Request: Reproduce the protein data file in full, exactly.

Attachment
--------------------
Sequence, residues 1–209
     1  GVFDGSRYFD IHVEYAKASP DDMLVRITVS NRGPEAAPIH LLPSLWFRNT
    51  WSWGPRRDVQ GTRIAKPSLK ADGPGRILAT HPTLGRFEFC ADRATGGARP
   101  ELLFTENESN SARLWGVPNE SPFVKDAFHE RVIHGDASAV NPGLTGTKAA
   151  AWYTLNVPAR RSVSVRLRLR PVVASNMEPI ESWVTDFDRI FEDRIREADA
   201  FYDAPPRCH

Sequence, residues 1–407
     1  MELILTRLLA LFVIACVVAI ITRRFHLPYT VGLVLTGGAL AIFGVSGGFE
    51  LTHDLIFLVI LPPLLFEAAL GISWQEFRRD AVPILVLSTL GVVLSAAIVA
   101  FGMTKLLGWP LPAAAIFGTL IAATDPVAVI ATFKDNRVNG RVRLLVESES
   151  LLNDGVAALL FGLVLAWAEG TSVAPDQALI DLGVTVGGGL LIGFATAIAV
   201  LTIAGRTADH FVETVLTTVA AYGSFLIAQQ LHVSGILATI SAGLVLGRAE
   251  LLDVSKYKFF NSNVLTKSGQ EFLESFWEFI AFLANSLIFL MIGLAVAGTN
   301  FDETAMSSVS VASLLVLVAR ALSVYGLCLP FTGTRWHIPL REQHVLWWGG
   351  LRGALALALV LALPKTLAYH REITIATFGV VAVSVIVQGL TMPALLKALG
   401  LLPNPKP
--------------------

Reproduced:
Sequence, residues 1–209
     1  GVFDGSRYFD IHVEYAKASP DDMLVRITVS NRGPEAAPIH LLPSLWFRNT
    51  WSWGPRRDVQ GTRIAKPSLK ADGPGRILAT HPTLGRFEFC ADRATGGARP
   101  ELLFTENESN SARLWGVPNE SPFVKDAFHE RVIHGDASAV NPGLTGTKAA
   151  AWYTLNVPAR RSVSVRLRLR PVVASNMEPI ESWVTDFDRI FEDRIREADA
   201  FYDAPPRCH

Sequence, residues 1–407
     1  MELILTRLLA LFVIACVVAI ITRRFHLPYT VGLVLTGGAL AIFGVSGGFE
    51  LTHDLIFLVI LPPLLFEAAL GISWQEFRRD AVPILVLSTL GVVLSAAIVA
   101  FGMTKLLGWP LPAAAIFGTL IAATDPVAVI ATFKDNRVNG RVRLLVESES
   151  LLNDGVAALL FGLVLAWAEG TSVAPDQALI DLGVTVGGGL LIGFATAIAV
   201  LTIAGRTADH FVETVLTTVA AYGSFLIAQQ LHVSGILATI SAGLVLGRAE
   251  LLDVSKYKFF NSNVLTKSGQ EFLESFWEFI AFLANSLIFL MIGLAVAGTN
   301  FDETAMSSVS VASLLVLVAR ALSVYGLCLP FTGTRWHIPL REQHVLWWGG
   351  LRGALALALV LALPKTLAYH REITIATFGV VAVSVIVQGL TMPALLKALG
   401  LLPNPKP